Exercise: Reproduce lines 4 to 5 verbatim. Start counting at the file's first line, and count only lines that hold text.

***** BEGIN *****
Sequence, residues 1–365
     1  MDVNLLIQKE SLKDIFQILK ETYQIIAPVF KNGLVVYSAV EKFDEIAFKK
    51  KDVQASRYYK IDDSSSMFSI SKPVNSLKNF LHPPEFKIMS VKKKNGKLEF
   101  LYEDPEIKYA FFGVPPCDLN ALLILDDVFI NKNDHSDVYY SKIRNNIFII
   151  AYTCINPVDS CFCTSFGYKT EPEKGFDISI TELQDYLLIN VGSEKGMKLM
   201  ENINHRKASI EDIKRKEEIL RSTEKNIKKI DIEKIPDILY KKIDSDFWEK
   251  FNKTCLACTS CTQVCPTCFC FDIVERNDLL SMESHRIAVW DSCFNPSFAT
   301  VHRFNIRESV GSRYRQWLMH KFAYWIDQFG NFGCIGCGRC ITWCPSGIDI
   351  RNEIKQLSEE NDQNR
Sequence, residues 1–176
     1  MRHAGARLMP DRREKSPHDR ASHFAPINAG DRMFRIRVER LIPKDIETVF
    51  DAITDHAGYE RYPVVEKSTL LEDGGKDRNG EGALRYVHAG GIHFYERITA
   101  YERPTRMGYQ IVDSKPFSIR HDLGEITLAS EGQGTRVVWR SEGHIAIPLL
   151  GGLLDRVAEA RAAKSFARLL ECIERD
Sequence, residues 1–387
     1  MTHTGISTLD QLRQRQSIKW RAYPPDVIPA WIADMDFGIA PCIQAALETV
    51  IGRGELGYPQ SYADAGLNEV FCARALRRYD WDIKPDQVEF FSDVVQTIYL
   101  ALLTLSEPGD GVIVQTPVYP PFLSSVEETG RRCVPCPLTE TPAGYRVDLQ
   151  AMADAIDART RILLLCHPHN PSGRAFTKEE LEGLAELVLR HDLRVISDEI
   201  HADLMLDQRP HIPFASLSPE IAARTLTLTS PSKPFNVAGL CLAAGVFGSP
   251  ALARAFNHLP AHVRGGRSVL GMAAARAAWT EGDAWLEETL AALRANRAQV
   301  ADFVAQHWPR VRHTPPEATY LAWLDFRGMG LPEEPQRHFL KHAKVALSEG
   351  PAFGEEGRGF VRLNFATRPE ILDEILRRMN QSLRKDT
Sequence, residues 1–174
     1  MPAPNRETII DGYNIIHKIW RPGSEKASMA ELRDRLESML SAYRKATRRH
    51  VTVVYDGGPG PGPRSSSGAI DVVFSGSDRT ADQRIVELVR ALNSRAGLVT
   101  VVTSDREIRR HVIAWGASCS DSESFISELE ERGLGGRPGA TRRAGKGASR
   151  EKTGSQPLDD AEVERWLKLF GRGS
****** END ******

   101  LYEDPEIKYA FFGVPPCDLN ALLILDDVFI NKNDHSDVYY SKIRNNIFII
   151  AYTCINPVDS CFCTSFGYKT EPEKGFDISI TELQDYLLIN VGSEKGMKLM